Economist, worked in media and the financial sector
Ramesh Patel read economics at Sussex University, worked in media and finance from investment adviser to commodities broker in metals and currencies. Currently writing a book on the UK deficit Myth and the real agenda of the right and left.
The aim of this three-part article is to demonstrate that every deficit narrative and soundbite question or statement that you have heard parroted thousands of times are simply tricks aimed to mislead people.
Now, for my next trick I will reveal how George Osborne pulled the rabbit out of the hat with his structural deficit claims. Through the art of misdirection, trickery and with a few good lines of bulls**t he has sold people an illusion that black is white and white is black.
As a Conservative I have no pleasure in exposing David Cameron's deficit claims. However, as long as the party continues to talk down the economy via the blame game, confidence will not be given an opportunity to return. For it is an undeniable and inescapable economic fact: without confidence and certainty there can be no real growth.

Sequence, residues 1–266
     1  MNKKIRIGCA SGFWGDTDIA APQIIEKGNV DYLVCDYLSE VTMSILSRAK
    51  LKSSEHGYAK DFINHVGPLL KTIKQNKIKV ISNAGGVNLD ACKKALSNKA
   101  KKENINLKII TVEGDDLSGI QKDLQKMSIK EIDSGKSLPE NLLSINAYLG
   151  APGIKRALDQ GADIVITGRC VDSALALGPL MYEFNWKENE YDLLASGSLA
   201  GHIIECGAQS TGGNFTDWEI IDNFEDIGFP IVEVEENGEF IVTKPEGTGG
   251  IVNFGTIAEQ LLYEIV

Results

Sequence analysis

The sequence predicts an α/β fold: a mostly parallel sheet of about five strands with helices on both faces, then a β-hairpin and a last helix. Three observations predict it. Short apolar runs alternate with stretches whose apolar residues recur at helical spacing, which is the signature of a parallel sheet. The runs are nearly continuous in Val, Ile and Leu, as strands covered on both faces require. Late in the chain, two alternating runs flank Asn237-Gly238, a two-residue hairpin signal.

Its quite hilarious how George Osborne passes off proverbs and idioms as economic fact. What is more surprising is his use of childish tricks to mislead the country. Now either George Osborne really thinks idioms and proverbs is the basis of economic theory and fact or he is pulling a fast one to justify policies. Common sense tells us all it's the latter.